Bridges, Pleasant Ridge to hold homecoming for alumni, community

Wendy Byerly Wood Content Manager

November 15, 2013

STATE ROAD — History runs deep in the Pleasant Ridge community of State Road, including the memories and stories of what is now Bridges Academy. And officials of the school, along with alumni from its former namesake Pleasant Ridge School, are opening the school to alumni, students, teachers, staff and community members Sunday for a homecoming to celebrate its history.

As stories were told about the “good old days” as Bridges Academy has been undergoing a rebirth period, Principal Merry Lowe said the Bridges Board of Directors felt it was important to get the community involved in the school again.

Board member and Pleasant Ridge School alumnus Philip Norman and Lowe decided to open the school up for a homecoming. “Philip told us fascinating stories of when he went to school here,” said Lowe, explaining the history behind the homecoming.

“I started in 1954, and I remember there was a lot of community involvement in the school, from volunteer work keeping the grounds up to chicken stews and a womanless wedding,” said Norman, who with 1942 Mountain Park High School graduate Alex Carter, who attended Pleasant Ridge through seventh grade, could name off a number of the people involved in that infamous womanless wedding. Norman’s father was the groom.

“A big part of this is the board wants to open it back up to the community,” Lowe said of the school facility. “We want volunteers, and maybe to open the school up at night so the community can come in and use the computers.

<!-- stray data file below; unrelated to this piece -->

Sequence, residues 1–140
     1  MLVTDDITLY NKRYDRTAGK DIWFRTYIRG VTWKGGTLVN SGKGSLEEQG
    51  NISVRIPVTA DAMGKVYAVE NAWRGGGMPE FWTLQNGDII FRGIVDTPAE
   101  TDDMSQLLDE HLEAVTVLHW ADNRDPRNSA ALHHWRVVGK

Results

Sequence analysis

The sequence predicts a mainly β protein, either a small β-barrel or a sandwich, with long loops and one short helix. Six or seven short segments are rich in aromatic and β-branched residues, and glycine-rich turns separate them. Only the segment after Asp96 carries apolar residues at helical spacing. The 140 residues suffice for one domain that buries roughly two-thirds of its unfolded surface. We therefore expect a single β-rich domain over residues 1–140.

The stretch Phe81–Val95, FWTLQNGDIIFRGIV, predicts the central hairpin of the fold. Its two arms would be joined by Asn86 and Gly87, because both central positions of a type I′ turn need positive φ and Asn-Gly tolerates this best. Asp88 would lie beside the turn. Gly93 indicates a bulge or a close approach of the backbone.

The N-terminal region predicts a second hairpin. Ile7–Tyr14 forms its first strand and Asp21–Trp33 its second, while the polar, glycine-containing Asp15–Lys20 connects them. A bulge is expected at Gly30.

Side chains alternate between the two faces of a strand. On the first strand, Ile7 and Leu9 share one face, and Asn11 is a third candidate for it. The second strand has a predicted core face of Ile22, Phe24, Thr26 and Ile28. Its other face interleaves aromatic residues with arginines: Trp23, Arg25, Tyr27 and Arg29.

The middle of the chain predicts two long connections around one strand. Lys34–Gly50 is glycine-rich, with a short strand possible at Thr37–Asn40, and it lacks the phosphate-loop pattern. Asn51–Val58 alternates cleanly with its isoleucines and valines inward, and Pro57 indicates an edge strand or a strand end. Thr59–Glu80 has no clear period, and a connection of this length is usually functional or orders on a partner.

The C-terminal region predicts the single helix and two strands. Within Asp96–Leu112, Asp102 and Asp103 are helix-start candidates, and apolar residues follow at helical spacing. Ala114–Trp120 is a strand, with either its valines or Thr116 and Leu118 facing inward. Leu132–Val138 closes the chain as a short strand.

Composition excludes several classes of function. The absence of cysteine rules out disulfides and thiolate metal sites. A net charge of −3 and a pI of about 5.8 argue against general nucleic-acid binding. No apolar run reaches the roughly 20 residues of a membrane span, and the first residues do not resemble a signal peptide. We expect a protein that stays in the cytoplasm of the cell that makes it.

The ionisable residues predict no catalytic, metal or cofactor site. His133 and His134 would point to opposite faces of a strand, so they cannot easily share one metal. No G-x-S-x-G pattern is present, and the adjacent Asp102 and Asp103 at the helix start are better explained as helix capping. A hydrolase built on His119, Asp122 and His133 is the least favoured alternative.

“A lot of our teachers went to school here when it was Pleasant Ridge.”

The existing building is the third school building to serve as Pleasant Ridge School, Norman and Carter explained.

The first building, a one-room schoolhouse, sat across Pleasant Ridge Road from the existing site. “My mother (Omie Carter) went to it. It was referred to as the Huckleberry School in the early 1900s,” Carter said. “In 1907, the church was built and named Pleasant Ridge Baptist Church, and so they renamed the school to Pleasant Ridge School.”

In the early 1920s, the three-room Pleasant Ridge School opened on the property now occupied by Bridges Academy. The building sat beside where the existing cafeteria now stands.

While the students were being educated in the three-room school, construction began on the larger school, which now houses Bridges Academy. “Then the cafeteria, gym and one room building were built later,” said Lowe.

Through its history, many of the students walked from throughout the community to the school each day, with just one bus serving the school for many years.

“Back then the traffic wasn’t a problem,” said Carter, who remembers horses and buggies passing the school when he was attending there.